This $5 Device Can Hack Your Locked Computer In One Minute. From Motherboard.
Next time you go out for lunch and leave your computer unattended at the office, be careful. A new tool makes it almost trivial for criminals to log onto websites as if they were you, and get access to your network router, allowing them to launch other types of attacks.
Hackers and security researchers have long found ways to hack into computers left alone. But the new $5 tool called PoisonTap, created by the well-known hacker and developer Samy Kamkar, can even break into password-protected computers, as long as there’s a browser open in the background.Kamkar explained how it works in a blog post published on Wednesday.
- Smartphone WiFi Signals Can Leak Your Keystrokes, Passwords, and PINs. From Beeling Computer.
The way users move fingers across a phone’s touchscreen alters the WiFi signals transmitted by a mobile phone, causing interruptions that an attacker can intercept, analyze, and reverse engineer to accurately guess what the user has typed on his phone or in password input fields.
This type of attack, nicknamed WindTalker, is only possible when the attacker controls a rogue WiFi access point to collect WiFi signal disturbances.
Control over the WiFi access point is also imperial since the attacker must also know when to collect WiFi signals from the victim, in order to capture the exact moment when the target enters a PIN or password.
Researchers hack Philips Hue smart bulbs from the sky. From PC World.
Security researchers in Canada and Israel have discovered a way to take over the Internet of Things (IoT) from the sky.
Okay, that’s a little dramatic, but the researchers were able to take control of some Philips Hue lights using a drone. Based on an exploit for the ZigBee Light Link Touchlink system, white hat hackers were able to remotely control the Hue lights via drone and cause them to blink S-O-S in Morse code.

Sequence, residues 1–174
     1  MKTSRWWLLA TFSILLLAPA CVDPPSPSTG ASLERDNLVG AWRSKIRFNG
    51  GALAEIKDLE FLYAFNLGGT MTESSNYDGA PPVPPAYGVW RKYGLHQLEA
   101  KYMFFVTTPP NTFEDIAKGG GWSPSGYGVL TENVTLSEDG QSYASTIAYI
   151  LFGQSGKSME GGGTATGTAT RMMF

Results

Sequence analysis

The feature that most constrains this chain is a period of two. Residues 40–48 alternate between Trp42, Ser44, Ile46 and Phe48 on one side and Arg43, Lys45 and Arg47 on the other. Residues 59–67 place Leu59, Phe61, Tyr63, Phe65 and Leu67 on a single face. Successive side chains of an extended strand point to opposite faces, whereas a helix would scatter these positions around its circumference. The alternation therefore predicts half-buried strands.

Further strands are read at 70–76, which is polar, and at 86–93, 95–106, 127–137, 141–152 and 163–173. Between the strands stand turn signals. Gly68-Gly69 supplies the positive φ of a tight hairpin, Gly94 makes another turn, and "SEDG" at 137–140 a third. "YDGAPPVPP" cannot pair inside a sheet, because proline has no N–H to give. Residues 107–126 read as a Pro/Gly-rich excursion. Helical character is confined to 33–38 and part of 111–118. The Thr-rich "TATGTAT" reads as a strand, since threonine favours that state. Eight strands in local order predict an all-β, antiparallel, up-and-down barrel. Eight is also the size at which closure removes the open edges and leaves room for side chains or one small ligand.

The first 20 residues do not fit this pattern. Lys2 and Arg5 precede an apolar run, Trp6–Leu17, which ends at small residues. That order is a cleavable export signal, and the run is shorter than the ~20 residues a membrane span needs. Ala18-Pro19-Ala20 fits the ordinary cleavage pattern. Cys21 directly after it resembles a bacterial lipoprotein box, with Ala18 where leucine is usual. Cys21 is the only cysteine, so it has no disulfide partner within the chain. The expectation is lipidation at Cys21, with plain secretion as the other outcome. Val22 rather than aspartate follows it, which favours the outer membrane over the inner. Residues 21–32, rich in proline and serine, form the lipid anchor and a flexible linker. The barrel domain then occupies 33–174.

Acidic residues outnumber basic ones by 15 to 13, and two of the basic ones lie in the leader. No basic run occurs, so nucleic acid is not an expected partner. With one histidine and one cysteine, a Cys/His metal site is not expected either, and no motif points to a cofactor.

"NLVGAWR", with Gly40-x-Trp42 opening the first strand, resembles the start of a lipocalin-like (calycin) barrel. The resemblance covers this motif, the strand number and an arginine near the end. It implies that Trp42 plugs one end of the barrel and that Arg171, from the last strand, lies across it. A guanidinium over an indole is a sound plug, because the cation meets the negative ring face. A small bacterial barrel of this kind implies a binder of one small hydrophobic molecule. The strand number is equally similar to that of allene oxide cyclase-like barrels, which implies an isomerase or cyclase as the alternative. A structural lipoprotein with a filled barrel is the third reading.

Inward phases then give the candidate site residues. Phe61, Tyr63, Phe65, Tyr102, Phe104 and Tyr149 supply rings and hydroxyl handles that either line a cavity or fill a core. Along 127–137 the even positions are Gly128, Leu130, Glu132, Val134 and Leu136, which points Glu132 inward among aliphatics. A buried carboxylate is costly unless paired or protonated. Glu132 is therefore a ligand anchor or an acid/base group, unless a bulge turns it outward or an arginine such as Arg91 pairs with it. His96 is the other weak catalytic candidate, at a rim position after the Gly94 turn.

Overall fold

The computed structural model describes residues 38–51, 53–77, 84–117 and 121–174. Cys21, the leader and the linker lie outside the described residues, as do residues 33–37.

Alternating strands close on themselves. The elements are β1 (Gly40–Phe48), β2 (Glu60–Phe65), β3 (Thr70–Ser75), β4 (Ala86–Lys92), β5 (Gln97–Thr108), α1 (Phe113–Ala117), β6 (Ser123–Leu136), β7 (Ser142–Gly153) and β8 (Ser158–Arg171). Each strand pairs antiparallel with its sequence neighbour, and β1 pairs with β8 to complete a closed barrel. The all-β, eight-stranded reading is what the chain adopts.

- Your home’s online gadgets could be hacked by ultrasound. From New Scientist. This may have happened to you. You idly browse a pair of shoes online one morning, and for the rest of the week, those shoes follow you across the Internet, appearing in adverts across the websites you visit.
But what if those ads could pop out of your browser and hound you across different devices? This is the power of ultrasound technology, says Vasilios Mavroudis at University College London – and it offers a whole new way in for hacking attacks and privacy invasions. He and his colleagues will spell out their concerns at next week’s Black Hat cybersecurity conference in London.
American vigilante hacker sends Russia a warning. From KSAT.
An American vigilante hacker — who calls himself “The Jester” — has defaced the website of the Russian Ministry of Foreign Affairs in retaliation for attacks on American targets.
On Friday night, the Jester gained access to the Russian government ministry’s website. And he left a message: Stop attacking Americans.
“Comrades! We interrupt regular scheduled Russian Foreign Affairs Website programming to bring you the following important message,” he wrote. “Knock it off. You may be able to push around nations around you, but this is America. Nobody is impressed.”
- Apple Watch Banned From Cabinet Meetings Over Spy Fears. From TechWeek Europe. Ministers have been forbidden to wear the Apple Watch during cabinet meetings due to the risk they could be hacked by Russian agents, according to a report.